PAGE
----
Monday, April 21, 2014

Deep Dicta on the Statute of Limitations on Claims Against Lawyers

Roger Cleveland Golf Co., Inc. v. Krane & Smith, APC, No. B23724 (D2d3 Apr. 14, 2014)

A sporting goods company filed a malicious prosecution case against a competitor and the law firm that represented the competitor in an earlier unsuccessful case stemming from a trademark and licensing dispute. As would be expected, the law firm filed an anti-SLAPP motion, which the trial court granted because plaintiff could establish that its case was not barred by the statute of limitations. After an extensive discussion of the appropriate statute of limitations for a malicious prosecution action against an attorney, the court of appeal affirms, albeit for a different reason.

There’s no question that the first prong of the anti-SLAPP analysis is satisfied because a malicious prosecution claim by its very nature involves suing someone because he or she filed a law suit, which is a quintessential protected activity under Code of Civil Procedure § 425.16(e)(1). The issue, then, comes down to whether plaintiff could show a probability of prevailing, which means showing that it has a legally sufficient claim and coming forward with prima facie evidence of each of the elements.

The law firm’s main argument why plaintiff can’t meet that burden is that plaintiff’s malicious prosecution claim is untimely. Because “favorable termination” of the prior action is an element of a malicious prosecution claim, the statute of limitations on a malicious prosecution claim runs kind of herky-jerky. It starts to run on the entry of a judgment favorably terminating the prior action, when the last element of the tort is complete. But if and when the plaintiff appeals, it stops running because, once an appeal is noticed, the judgment is no longer final—i.e., the malicious prosecution plaintiff no longer has an accrued claim because the favorable termination element is now missing. See Gibbs v. Haight, Dickson, Brown & Bonesteel, 183 Cal. App. 3d 716 (1986). If, however, the favorable termination is affirmed, the clock then resumes running when the remittitur issues and jurisdiction is returned to the superior court. See Rare Coin Galleries, Inc. v. A–Mark Coin Co., Inc., 202 Cal. App. 3d 330 (1988). No one here disputes that if Gibbs/Rare Coin tolling applies, plaintiff’s claim is timely. Setting aside the time the underlying action spent up on appeal, the statute only ran for 167 days, which would be less than any potential statutory period.

The law firm, however, tries to get around that by arguing that Gibbs/Rare Coin tolling doesn’t apply in cases of malicious prosecution against attorneys. It argues that Code of Civil Procedure § 340.6—commonly thought of as the statute of limitations that applies to attorney malpractice—applies, instead of § 335.1, the two year period that applies to malicious prosecution cases against other kinds of defendants. The law firm argues that because § 340.6’s limit is one year from the plaintiff
s discovery of its injury, and because § 340.6 can be tolled exclusively for reasons enumerated in the statute, Gibbs/Rare Coin tolling is inapplicable. Thus, the law firm says that the time ran one year from the entry of judgment in the prior case (i.e., when plaintiff discovered its injury).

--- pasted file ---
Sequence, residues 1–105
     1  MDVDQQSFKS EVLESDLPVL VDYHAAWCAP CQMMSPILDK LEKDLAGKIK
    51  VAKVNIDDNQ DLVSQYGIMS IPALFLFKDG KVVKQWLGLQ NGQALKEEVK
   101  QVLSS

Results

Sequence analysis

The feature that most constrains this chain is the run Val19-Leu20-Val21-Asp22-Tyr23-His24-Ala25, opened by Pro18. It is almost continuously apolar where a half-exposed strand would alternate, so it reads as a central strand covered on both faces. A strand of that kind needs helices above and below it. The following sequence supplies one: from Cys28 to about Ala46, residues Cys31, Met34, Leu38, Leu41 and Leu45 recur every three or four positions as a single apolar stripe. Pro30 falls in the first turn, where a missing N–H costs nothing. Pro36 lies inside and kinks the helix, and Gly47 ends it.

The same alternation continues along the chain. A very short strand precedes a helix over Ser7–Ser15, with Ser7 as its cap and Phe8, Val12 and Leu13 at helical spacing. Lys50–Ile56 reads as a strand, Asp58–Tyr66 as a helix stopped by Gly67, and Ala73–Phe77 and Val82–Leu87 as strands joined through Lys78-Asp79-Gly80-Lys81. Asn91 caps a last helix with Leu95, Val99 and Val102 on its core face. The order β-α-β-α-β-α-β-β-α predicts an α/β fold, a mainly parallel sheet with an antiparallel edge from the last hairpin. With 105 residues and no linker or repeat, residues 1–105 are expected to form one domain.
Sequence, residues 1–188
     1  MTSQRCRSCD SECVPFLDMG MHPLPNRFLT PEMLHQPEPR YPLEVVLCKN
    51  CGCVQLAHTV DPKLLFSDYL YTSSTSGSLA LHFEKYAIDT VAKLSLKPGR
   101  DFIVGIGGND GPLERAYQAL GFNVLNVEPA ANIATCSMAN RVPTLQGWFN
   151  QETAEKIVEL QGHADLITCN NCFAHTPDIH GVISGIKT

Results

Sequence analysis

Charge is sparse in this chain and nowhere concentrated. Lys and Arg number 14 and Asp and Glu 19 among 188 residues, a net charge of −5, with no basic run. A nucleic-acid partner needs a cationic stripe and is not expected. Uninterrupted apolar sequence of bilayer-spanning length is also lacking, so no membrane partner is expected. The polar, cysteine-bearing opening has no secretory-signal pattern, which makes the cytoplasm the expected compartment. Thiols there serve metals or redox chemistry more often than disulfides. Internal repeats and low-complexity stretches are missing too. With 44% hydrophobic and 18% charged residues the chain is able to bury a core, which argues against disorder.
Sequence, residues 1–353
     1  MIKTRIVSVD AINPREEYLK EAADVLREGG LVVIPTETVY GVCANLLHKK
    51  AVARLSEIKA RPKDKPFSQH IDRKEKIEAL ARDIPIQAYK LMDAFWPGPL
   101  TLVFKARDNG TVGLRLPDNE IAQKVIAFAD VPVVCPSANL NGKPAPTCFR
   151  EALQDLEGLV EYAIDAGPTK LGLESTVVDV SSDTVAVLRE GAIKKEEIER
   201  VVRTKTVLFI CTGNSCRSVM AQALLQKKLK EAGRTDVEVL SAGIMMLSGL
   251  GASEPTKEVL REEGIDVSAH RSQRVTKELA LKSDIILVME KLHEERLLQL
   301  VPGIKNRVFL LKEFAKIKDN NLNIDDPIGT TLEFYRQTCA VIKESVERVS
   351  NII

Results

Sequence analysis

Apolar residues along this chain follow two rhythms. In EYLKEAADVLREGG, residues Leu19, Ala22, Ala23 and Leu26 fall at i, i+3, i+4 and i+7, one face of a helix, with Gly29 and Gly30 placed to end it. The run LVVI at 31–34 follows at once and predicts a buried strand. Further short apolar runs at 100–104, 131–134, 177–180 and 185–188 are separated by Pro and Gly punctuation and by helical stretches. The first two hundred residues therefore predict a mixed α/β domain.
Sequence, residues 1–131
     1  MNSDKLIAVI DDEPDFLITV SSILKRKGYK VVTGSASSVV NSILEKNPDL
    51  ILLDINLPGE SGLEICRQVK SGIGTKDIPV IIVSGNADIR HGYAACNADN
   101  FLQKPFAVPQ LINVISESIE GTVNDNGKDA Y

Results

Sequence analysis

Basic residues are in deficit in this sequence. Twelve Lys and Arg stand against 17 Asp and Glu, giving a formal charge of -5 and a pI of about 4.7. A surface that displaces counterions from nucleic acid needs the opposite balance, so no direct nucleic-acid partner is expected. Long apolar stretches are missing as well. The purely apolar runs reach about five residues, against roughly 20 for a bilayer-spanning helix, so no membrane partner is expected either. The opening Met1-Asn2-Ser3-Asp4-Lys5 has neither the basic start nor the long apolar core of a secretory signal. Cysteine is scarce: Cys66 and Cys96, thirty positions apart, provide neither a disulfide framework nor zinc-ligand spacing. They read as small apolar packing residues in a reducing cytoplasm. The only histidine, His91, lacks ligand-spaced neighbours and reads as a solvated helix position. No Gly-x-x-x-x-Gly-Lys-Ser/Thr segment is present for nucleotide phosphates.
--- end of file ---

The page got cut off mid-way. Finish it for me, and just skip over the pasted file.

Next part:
The law firm relies on two recent cases—Vafi v. McCloskey, 193 Cal. App. 4th 874 (2011) and Yee v. Cheung, 220 Cal. App. 4th 184 (2013), previous coverage here. Vafi and Yee reject that the scope of § 340.6 is limited either to actions against attorneys by their clients or to actions sounding in professional malpractice. They stand for the proposition that Code of Civil Procedure § 340.6, applies to all actions brought against an attorney for wrongful acts or omissions that arise in the performance of professional services, except cases of actual fraud. That includes malicious prosecution claims brought by former adversaries. The upshot of applying Vafi and Yee to the facts here would be that: (1) plaintiffs claim accrued on the entry of the underlying judgment; (2) when that judgment was appealed, it was not tolled under Gibbs/Rare Coin; and thus that (3) since the appeal was not resolved within a year of the entry of judgment, § 340.6 ran on plaintiff's case against the law firm at a time in which plaintiff’s claim was not actually unripe because the favorable termination element remained unsatisfed due to the pending appeal.

The court here doesn’t buy it. After reviewing the text and structure of § 340.6, the relevant legislative history, the thirty years of legislative inaction since the court applied § 335.1 to a malicious prosecution action against an attorney in Gibbs, and the public policy implications against affording attorneys a special statute of limitations, the court declines to follow Vafi and Yee. Ultimately it observes that having separate statutes of limitation for client and attorney leads to an “absurd result in which the client can be sued for following the attorney’s advice, long after the client’s attorney ceases to be potentially liable for recommending the course of action.” The court thus holds that the two-year period in § 335.1, subject to Gibbs/Rare Coin tolling, applies to any malicious prosecution claim regardless of whether the defendant went to law school and passed the bar. Plaintiff’s action was timely.

Of course, none of the court’s twelve pages of analysis on the statute of limitations actually matters, because plaintiff did not come forward with prima facie evidence of the defendants’ malice. So even though the claim wasn’t time barred, because plaintiff could not show a probability of prevailing, the anti-SLAPP motion was nonetheless properly granted.


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